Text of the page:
Ox

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    Could have left out the last 2 sections of rail and pick the crane up from under the beams and drive it straigt in ???

    Peter

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    A lot of the heavier capacity oil and gas shops nearby have their crane rails continue outside the building with elaborate methods to seal up building for our -40 days. Makes for easier lifts outside on the days you need and a heck of a lot easier rigging to put the crane up to begin with. Suspect the OP was using similar logic.

    And this guy, who’s overhead crane can only do three tons, is impressed and slightly jealous of the OP’s set up!

    L7

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    -40.

    Are you up on The Northern Corridor?


    ------------

    Think Snow Eh!
    Ox

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    Ok, global warming. Only -35.

    :-)

    Shops I’m talking about are in Sask and Alberta.

    L7

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  24. #75
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    Quote Originally Posted by Peter from Holland View Post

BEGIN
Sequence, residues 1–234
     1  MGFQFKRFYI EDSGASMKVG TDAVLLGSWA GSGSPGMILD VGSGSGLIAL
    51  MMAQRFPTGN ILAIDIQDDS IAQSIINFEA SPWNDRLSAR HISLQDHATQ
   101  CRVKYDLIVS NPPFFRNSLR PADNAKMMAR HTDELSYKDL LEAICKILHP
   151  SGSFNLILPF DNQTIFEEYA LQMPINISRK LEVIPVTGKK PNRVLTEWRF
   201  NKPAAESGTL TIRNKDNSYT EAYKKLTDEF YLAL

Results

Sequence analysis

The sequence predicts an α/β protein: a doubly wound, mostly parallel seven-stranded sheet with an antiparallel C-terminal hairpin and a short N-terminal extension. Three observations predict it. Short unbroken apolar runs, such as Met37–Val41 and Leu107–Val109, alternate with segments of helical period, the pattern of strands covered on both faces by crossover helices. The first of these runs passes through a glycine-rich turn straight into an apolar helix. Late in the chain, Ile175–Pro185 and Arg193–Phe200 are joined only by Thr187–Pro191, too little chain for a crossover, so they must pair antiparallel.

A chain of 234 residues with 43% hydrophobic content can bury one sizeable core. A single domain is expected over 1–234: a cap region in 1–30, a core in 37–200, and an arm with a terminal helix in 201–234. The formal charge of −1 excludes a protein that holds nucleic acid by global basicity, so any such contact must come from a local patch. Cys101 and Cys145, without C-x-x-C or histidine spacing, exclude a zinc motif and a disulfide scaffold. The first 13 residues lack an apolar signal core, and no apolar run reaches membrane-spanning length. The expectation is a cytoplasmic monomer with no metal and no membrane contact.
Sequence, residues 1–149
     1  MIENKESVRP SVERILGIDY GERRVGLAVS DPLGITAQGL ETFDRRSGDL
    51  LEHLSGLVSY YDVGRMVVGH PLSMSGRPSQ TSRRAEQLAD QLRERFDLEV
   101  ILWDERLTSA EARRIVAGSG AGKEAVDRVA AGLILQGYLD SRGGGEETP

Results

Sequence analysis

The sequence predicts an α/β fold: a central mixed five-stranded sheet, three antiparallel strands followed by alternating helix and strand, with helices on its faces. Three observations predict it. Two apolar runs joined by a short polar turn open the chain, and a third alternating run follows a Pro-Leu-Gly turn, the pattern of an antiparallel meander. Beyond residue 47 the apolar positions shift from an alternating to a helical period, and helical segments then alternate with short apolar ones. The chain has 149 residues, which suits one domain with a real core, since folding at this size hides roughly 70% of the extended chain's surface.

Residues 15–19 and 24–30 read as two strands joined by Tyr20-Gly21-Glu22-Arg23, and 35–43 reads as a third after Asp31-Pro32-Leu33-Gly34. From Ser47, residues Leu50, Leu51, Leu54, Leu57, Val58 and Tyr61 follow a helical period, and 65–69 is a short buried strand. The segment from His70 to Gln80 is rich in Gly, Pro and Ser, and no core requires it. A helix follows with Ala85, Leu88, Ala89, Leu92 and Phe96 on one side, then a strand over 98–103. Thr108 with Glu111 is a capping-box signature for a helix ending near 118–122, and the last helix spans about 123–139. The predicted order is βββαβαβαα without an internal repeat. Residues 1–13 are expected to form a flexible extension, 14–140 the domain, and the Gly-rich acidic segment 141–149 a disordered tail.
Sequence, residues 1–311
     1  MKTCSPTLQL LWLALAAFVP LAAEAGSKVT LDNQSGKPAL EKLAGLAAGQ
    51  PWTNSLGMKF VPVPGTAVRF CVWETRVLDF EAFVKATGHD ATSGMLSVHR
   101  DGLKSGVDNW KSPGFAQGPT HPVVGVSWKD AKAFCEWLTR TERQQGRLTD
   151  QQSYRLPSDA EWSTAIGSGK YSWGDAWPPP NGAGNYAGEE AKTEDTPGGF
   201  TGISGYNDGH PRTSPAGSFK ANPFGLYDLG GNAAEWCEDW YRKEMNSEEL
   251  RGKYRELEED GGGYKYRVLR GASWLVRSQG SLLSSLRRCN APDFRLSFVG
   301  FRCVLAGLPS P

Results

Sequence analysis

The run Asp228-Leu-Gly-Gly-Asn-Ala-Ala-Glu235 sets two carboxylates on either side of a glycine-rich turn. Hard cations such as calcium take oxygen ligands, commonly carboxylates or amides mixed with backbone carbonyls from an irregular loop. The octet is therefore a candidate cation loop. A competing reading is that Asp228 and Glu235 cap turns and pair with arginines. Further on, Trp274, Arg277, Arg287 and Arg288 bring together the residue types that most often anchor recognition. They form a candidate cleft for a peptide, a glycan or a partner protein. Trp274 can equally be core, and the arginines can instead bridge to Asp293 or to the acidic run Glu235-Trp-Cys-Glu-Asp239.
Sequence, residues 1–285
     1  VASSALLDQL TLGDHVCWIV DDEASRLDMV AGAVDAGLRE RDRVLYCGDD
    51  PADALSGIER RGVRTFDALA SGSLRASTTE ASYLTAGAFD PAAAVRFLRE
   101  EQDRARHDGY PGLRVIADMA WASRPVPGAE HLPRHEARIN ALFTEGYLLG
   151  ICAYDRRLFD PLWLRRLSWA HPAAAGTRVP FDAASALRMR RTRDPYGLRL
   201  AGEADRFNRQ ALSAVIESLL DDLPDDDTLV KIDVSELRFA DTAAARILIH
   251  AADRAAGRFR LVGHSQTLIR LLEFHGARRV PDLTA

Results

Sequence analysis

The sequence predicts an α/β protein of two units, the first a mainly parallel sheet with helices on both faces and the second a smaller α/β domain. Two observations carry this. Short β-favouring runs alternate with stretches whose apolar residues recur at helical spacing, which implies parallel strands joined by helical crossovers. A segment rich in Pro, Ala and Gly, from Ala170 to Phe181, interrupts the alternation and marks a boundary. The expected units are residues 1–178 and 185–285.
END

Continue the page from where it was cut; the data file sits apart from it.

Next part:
Could have left out the last 2 sections of rail and pick the crane up from under the beams and drive it straigt in ???

    Peter
    Did think about that but the crane needed to be lifted from above because of various hangers/tracts underneath. So now the forks are near on 20 ft up with an uphill slope to the shed. Also only 4 inches gap either side so tight fit. Also crane needed to come anyway to lift the planer in. So it was quicker,easier,safer and didn't cost much extra to lift it in with the crane.

    Cheers

    Mark

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  26. #76
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    The shed build has continued to progress slowly.

    img_2426.jpg The final roof bay was completed and insulated. It was very nice to finally get off the roof. Even though I was wearing a harness and clicked on to a central wire I think I'm getting too old for roof work.

    Then it was time to make the beam for the sliding door to hang off. The door is roughly 16 ft x 16 ft so pretty heavy. I had some thick walled 6 inch x 4 inch RHS hanging around so used that. I wanted it to be as dust proof as possible so it became a bit more complicated than normal but worked out well in the end.

    img_2428.jpg

    img_2429.jpg

    img_2430.jpg

    Cheers

    Mark